Last Updated on March 8, 2023 by Woody Pet
One of the biggest questions horse owners and breeders impose about their beloved animals is what kind of diet should a healthy horse have. Horses are high-maintenance animals and therefore, every owner or every potential owner should know what is best for his dear horse friend.
Just like for us humans, some food is better suited for one’s organism and other kinds of food for others, food preferences vary from horse to horse, however, there are some staples that are common for all horses – or at least for a particular breed.
In this article, we will discuss whether can horses eat tomatoes or some similar veggies. We will also cover what can horses eat and whether tomatoes and other vegetables are beneficial for them as they are for humans and some other animals. A healthy diet will make your horse thrive, and is especially important during the early months when the horse grows and develops.
Can horses eat tomatoes?
Tomatoes are part of the Solanaceae family. Solanaceae is a large family of plants that covers various species from tomatoes and eggplants, to petunias. This group also covers some more toxic species, such as tobacco, belladonna, and mandrake.
As you have probably heard already, tomatoes are actually not veggies – they’re fruit. More specifically, they are considered berries. Consisted of 95% water, apart from a moderate Vitamin C amount, they don’t have a large nutritional value – they’re mostly used by humans because of their delicious taste.
Many animals also enjoy the taste of ripe tomatoes: squirrels, deer, and even dogs. However, horses are not one of them. In general, horses are not big fans of the taste of the tomato, even though once again, this is all a matter of individual taste.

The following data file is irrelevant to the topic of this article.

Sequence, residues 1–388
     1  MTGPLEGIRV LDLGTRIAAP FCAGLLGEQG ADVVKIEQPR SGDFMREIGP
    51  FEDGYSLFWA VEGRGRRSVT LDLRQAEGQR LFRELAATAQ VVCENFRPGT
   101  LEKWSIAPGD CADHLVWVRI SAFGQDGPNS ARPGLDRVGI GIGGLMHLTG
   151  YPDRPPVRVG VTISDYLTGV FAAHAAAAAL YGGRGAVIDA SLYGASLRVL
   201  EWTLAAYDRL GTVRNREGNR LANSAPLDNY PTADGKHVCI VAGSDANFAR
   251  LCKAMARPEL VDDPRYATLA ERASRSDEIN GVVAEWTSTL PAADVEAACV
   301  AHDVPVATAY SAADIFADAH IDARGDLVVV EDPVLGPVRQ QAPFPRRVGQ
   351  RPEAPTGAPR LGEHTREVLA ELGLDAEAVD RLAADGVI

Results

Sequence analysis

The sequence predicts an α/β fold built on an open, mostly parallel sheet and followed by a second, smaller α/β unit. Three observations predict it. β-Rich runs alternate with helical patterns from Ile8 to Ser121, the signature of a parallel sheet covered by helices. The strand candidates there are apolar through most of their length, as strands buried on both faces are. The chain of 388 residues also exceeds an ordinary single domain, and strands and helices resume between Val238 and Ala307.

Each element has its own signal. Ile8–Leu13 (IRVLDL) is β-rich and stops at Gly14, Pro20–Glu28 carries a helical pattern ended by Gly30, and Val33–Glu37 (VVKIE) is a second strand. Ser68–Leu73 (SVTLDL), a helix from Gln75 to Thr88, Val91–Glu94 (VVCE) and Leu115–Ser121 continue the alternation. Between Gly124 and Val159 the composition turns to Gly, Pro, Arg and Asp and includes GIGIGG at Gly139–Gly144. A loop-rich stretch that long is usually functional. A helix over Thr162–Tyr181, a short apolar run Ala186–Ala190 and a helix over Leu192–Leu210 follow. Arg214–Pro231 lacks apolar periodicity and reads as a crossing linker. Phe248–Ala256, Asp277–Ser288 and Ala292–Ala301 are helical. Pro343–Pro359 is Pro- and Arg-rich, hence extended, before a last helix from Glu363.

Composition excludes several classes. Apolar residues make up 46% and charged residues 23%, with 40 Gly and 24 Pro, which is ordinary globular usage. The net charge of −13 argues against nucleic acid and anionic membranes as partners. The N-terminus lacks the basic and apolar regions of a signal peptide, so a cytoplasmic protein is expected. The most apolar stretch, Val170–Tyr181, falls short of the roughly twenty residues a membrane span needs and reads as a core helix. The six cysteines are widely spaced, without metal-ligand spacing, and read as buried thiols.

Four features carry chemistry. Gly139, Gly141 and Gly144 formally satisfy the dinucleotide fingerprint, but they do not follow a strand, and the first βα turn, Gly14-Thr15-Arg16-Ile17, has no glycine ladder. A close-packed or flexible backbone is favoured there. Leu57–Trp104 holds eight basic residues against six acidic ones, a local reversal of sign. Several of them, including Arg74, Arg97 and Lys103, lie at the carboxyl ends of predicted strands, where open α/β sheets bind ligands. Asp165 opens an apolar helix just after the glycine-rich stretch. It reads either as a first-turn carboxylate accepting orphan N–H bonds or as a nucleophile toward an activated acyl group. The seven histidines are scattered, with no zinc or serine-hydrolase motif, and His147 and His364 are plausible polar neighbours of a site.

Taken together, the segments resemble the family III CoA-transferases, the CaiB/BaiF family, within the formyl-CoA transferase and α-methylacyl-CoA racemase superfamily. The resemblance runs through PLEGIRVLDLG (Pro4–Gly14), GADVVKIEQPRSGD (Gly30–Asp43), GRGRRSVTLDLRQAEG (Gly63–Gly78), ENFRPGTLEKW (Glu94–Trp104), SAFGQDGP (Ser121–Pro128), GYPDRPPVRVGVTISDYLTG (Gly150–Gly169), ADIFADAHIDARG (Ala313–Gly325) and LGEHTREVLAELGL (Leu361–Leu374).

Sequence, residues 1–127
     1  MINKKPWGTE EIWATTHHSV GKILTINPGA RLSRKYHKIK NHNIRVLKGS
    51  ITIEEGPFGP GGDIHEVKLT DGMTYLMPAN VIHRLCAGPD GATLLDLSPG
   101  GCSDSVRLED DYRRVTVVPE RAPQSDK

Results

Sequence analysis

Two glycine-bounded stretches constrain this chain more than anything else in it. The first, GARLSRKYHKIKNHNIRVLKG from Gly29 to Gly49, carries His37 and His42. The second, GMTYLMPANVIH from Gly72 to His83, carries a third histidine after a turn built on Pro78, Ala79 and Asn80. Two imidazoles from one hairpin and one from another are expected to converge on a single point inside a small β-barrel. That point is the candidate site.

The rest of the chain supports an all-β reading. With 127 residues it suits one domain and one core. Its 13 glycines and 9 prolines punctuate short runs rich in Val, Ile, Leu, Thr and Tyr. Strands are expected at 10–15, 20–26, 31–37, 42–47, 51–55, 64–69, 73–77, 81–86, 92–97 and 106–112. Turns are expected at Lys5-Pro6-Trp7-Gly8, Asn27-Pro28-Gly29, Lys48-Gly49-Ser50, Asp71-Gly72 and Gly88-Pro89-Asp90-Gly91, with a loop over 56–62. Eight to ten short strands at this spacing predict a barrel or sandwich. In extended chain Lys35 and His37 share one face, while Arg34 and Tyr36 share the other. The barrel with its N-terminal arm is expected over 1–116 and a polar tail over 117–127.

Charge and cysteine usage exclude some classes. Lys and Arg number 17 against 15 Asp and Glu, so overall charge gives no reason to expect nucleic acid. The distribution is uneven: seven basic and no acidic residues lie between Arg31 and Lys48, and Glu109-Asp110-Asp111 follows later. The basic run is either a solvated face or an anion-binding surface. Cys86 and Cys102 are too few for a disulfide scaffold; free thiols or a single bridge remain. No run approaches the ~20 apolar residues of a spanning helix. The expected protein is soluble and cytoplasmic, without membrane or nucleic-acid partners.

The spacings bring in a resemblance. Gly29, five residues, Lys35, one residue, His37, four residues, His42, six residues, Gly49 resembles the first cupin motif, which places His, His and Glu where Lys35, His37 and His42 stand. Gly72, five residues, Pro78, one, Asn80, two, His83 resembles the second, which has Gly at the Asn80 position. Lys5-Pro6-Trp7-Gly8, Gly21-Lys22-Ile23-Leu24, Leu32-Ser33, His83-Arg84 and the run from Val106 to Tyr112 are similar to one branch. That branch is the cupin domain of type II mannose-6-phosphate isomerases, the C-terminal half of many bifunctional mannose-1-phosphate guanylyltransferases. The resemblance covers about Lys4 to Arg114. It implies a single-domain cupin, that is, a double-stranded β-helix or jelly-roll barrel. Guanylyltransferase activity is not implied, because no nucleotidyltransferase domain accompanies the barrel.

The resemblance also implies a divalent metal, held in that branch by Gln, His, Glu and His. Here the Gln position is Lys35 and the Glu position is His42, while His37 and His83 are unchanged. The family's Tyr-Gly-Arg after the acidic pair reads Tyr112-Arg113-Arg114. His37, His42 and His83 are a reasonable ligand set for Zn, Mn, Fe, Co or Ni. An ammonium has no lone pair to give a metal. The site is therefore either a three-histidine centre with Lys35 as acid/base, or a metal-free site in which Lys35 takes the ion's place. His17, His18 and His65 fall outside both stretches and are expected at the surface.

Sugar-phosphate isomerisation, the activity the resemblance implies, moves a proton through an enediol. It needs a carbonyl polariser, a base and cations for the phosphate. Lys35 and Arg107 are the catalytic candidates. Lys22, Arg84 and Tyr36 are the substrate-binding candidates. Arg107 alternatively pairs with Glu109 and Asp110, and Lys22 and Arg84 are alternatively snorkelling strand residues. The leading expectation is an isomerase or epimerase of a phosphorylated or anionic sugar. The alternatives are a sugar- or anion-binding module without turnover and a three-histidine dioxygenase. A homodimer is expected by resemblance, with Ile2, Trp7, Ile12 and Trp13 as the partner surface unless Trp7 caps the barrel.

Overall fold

Not being a tomato fan is not the only reason why you should not feed your horse with tomatoes. As we have mentioned, they are in the Solanaceae family, which contains some poisonous alkaloids. A member of this family is also the horse nettle, which you probably know, is one of the most damaging plants for your horse’s digestive system.
Some of the ingredients common to these alkaloids and plants can be found in unripe, green tomatoes. The most toxic one of them is called solanine. It’s a glycoalkaloid and can cause serious damage to your horse’s digestive system. However, solanine is usually not found in tomatoes (it is more common in horse nettle). The real culprit in unripe tomatoes is atropine and hyoscyamine.
What will happen if my horse eats tomatoes?
The hyoscyamine and the atropine, which can be found in higher concentration in green tomatoes, but is still present in ripe ones as well, can pose a serious health hazard for your horse. The most common effects are:
- Irritated mucous membranes in the mouth;
- The irritated mucous membrane in the stomach (gastric mucosa). This is the membrane layer where the glands can be found, as well as the gastric pits;
- Excessive salivation;
- The overall mobility of the gastric system is slowed down.
Additionally, the glycoalkaloids are attacking the autonomous nervous system of the horse. This system controls many internal organs and systems, including the stomach, intestines, lungs, heart, blood vessels, digestive glands, liver, and kidneys. The poison predominantly causes damage to the digestive system, however, the other systems might also be subjected to damage.
How Will I Know if my Horse Ate a Tomato?